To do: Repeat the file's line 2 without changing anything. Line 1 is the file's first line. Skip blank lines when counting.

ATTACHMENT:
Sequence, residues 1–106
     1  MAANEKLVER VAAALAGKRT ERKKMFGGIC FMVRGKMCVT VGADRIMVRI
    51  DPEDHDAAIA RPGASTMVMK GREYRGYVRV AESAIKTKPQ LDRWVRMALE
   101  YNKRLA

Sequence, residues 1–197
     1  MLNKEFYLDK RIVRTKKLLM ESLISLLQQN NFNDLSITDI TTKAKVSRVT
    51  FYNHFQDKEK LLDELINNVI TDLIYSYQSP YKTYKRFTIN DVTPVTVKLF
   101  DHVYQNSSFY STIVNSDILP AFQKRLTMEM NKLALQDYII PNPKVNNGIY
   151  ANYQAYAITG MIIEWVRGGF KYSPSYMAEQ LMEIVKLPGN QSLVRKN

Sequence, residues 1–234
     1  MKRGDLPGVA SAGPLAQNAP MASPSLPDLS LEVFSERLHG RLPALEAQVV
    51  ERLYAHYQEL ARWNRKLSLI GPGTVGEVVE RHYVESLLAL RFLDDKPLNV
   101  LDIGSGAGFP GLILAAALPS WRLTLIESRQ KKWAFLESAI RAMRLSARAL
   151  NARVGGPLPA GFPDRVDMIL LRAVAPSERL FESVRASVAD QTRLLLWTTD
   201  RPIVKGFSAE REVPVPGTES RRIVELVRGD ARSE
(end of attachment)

     1  MAANEKLVER VAAALAGKRT ERKKMFGGIC FMVRGKMCVT VGADRIMVRI